Conclusion part 1:

Within these just enumerated caveats:

  • Movie English: It's the only place for vague alliances between vague prophets and disciples…
  • Movie German: Nur dort wachsen solche seltsamen Verbindungen zwischen konfusen Propheten und konfusen Anhängern
  • Annenkov/Marx: There and there only unions of absurd apostles with absurd disciples can form and subsist, with any real success

Despite some obvious liberties the movies takes and concerning language has to take: It is not in or from within the written works of Marx. It is not an indisputable quote. But as an attributed quote it is as close as it gets to a real event as reported by a witness some years later.


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Part 2: Main groups or persons from Russia Marx was critical about:

Since this is spoken word in a dramatised bio-pic, there cannot be any guarantees on historical accuracy. In fact, the opposite is likely true and we can quite safely assume that these words were never spoken in that precise way from the start. But in this case, as shown above, it comes quite close to the real history as it presented to us.

But assuming that this is genrally a movie trying to be honest about its source material:

But if there is a source on which this statement about the probability of either Weitling's success or the appropriateness of vagueness, konfuse or absurd in Russia: then it is presumably not about any communists, Russian or not. It is presumably also not about socialists. Apart from the addressed Weitling in the movie: The most likely candidate for this kind of attack in a colourful pastiche of sentiments that are in the works of Marx would be in its early phases Proudhon and in later times the anarchists around Bakunin, especially if a focus is indeed put on Russian circumstances and situations:

They are told that the truth, too dazzling for eyes that are still unfamiliar to true anarchism, is only fully revealed in the program of the Russian section. Only to the born anarchists, to the chosen people, to his youth of holy Russia the prophet dares to speak openly. There anarchy becomes the general destruction of all, revolution becomes a series of first individual, then mass murders; the only rule of conduct is the increased Jesuit morality; the archetype of the revolutionary is the robber. Young people are banned from thinking and science as secular activities that could lead them to doubt the all-destroying orthodoxy. Anyone who persists in persisting in their theoretical heresies or in applying the standard of ordinary criticism to general amorphism is threatened with the Holy Inquisition. Before the Russian youth, the Pope no longer needs to be compelled, neither in content nor in form.[…]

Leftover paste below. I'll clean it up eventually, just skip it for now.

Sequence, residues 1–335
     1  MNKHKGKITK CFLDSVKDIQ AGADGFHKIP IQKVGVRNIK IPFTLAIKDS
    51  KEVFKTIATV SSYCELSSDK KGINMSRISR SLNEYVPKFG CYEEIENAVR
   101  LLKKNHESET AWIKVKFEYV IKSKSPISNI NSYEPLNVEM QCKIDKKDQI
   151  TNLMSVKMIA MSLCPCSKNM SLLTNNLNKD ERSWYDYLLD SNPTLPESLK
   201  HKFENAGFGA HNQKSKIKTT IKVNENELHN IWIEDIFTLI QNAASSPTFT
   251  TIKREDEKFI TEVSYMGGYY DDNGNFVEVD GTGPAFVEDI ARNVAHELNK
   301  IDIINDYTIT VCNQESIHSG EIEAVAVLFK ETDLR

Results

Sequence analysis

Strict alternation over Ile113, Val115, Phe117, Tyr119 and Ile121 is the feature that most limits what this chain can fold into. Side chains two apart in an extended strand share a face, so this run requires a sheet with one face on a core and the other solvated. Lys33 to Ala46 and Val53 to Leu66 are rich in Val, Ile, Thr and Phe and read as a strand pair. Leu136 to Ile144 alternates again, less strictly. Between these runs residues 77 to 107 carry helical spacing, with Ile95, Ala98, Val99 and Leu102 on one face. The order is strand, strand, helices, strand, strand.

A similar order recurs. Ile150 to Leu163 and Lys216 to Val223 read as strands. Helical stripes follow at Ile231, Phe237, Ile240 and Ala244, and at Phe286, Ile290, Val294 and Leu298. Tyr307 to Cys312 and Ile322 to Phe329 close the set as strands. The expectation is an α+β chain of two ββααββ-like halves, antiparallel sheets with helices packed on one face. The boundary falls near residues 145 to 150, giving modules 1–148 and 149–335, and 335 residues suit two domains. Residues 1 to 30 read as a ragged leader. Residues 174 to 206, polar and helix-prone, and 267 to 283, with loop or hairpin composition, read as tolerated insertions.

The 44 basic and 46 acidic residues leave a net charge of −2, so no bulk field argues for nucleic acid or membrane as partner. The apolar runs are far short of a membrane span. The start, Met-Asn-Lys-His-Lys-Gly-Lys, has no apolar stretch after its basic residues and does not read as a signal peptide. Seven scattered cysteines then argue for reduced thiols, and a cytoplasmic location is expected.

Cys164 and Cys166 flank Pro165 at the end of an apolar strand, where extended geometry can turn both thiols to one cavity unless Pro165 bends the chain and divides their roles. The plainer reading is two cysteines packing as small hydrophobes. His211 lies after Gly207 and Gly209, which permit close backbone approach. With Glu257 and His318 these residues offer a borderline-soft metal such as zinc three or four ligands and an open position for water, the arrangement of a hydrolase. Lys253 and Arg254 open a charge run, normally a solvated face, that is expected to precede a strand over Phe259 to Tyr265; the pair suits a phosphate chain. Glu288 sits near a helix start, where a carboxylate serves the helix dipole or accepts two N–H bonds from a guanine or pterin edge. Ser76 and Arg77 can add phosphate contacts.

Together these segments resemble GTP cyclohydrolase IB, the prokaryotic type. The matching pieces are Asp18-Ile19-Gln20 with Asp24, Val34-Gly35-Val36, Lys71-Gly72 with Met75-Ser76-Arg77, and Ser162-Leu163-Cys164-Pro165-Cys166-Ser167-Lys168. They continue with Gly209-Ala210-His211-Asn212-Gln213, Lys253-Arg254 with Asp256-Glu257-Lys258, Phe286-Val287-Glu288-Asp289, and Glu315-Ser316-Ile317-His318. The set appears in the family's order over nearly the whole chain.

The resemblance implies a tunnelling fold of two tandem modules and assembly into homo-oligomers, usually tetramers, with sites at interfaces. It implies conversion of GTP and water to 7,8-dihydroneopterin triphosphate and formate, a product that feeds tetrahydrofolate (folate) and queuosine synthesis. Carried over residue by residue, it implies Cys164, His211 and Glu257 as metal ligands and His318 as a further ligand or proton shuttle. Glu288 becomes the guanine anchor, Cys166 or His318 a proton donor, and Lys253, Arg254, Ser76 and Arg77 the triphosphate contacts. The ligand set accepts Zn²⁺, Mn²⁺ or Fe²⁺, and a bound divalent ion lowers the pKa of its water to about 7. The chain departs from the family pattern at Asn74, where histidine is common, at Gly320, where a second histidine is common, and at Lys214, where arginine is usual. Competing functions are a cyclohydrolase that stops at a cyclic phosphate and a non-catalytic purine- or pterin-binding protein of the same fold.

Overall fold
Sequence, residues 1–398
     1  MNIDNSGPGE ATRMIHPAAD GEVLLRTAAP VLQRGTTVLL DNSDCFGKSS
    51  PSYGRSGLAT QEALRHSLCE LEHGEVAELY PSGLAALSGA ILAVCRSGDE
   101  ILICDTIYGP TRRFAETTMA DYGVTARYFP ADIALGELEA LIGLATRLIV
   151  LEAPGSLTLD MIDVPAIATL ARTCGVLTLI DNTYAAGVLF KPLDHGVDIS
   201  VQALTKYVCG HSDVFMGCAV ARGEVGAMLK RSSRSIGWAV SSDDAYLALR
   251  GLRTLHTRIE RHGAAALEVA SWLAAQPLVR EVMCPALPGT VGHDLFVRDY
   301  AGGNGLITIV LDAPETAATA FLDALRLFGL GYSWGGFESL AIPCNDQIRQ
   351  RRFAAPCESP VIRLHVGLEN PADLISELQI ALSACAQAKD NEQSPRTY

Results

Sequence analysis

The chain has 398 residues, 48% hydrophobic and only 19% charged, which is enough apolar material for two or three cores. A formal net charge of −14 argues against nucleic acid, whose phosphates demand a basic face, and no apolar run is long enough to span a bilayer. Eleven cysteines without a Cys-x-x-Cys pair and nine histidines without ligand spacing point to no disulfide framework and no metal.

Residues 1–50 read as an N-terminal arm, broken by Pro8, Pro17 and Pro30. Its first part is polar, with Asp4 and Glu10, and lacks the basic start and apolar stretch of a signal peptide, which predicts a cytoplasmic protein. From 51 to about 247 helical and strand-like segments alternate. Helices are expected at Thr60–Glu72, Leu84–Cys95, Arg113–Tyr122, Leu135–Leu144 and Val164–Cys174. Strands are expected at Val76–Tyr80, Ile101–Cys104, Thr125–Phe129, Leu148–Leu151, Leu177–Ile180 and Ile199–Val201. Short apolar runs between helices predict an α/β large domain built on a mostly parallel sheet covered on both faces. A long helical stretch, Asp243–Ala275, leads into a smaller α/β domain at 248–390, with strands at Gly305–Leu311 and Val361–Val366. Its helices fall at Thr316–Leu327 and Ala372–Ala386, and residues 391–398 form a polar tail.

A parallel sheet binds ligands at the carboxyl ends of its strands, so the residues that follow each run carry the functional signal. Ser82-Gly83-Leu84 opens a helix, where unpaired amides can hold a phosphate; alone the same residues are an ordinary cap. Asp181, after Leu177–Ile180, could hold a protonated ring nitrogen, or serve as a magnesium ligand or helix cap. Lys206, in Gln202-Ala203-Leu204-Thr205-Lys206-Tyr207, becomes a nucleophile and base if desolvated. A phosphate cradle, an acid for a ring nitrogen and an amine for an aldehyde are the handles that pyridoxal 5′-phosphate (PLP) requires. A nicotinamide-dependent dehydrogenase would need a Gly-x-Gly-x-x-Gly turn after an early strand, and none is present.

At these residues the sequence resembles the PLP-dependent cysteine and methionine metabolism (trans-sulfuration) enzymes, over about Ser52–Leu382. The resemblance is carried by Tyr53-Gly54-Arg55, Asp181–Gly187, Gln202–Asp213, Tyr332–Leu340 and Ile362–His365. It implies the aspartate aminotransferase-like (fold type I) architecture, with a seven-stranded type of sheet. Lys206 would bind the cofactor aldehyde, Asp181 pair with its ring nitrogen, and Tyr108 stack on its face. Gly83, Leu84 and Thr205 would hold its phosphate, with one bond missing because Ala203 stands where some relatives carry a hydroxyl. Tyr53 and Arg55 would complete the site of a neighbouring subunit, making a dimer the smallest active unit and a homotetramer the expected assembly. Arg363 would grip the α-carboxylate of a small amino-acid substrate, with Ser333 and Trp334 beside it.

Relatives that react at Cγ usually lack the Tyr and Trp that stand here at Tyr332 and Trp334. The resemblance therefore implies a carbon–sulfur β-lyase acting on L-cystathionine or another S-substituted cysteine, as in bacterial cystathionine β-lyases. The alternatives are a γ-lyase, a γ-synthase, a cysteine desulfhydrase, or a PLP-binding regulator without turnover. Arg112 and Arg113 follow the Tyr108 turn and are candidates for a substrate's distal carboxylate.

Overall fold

[Footnote 7 on that page:]
We must note here that in the Russian language the words association, union, alliance (obschestvo, sojuz, tovarischestvo) are more or less synonymous and are used without distinction. The word: International is also usually translated as general (vsemirnyi). The Russian press thus often translates the "International Association" with words that could just as well mean the "general or universal alliance". By using this linguistic confusion, Bakunin and Netjaev managed to exploit the name of our association and bring misfortune to almost a hundred young people.

Karl Marx/Friedrich Engels - Werke. (Karl) Dietz Verlag, Berlin. Band 18, 5. Auflage 1973, unveränderter Nachdruck der 1. Auflage 1962, Berlin/DDR. S. 396-438. "Die Allianz in Rußland"

But it seems to fit a lot more passages as well, if one is willing to grant a certain artistic licence and liberty for quote hunting. Original Marx is an often a great read, highly entertaining especially in his letters, but also an audience attention killer on screen.

Not always did he manage to condense a bonmot in so few words like this:

"Tout ce que je sais, c'est que je ne suis pas Marxiste."
("All I know is that I am not a Marxist.")

Although this good one leaves open the possibility –– and I do that as well explicitly here for my two cents as well –– that any such attack might be directed at everyone2, including Russians that were supposedly on his side/following him.

But Bakunin was an every shortlist of 'Who should be criticized next?':

The second decision on the political attitude of the working class put an end to the confusion that Bakunin had wanted to bring to the international by including in its program the doctrine of full abstention in political fields. - The third resolution {1} threatened Bakunin directly. Further down, when we talk about Russia, we will see how interested Bakunin himself was in hiding the vices of the Alliance from Western Europe.
Karl Marx/Friedrich Engels - Werke. (Karl) Dietz Verlag, Berlin. Band 18, 5. Auflage 1973, unveränderter Nachdruck der 1. Auflage 1962, Berlin/DDR. S. 347-362. "Die Allianz in der Schweiz"

To explain this accusation of "confusion" in relation to Bakunin very succinctly: